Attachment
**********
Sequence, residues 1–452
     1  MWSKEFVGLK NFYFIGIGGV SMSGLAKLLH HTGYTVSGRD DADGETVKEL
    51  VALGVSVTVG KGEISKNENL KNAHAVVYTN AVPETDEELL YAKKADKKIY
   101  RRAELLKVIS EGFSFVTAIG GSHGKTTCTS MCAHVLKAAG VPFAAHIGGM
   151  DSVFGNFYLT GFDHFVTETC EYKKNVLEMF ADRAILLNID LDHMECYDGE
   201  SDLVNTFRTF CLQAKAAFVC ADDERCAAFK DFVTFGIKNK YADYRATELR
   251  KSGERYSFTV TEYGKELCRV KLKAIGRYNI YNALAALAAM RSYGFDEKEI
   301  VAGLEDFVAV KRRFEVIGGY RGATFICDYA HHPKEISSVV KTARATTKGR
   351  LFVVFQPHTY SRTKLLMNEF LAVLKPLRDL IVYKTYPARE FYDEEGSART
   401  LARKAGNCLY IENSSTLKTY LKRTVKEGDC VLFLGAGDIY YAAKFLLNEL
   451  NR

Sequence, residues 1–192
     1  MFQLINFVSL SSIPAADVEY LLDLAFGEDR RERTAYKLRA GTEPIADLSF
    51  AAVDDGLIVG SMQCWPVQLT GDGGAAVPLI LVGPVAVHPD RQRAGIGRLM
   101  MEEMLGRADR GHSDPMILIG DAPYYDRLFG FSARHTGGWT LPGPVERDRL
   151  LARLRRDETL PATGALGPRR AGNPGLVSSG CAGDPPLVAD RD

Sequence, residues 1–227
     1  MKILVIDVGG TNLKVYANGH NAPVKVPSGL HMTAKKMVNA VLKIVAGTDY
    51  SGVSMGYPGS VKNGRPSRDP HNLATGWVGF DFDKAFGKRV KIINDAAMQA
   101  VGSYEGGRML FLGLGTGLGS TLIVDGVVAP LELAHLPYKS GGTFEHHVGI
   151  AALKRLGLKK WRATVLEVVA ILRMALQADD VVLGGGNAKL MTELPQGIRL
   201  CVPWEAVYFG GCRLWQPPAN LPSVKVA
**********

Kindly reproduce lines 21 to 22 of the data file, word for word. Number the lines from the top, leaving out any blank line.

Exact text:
   151  AALKRLGLKK WRATVLEVVA ILRMALQADD VVLGGGNAKL MTELPQGIRL
   201  CVPWEAVYFG GCRLWQPPAN LPSVKVA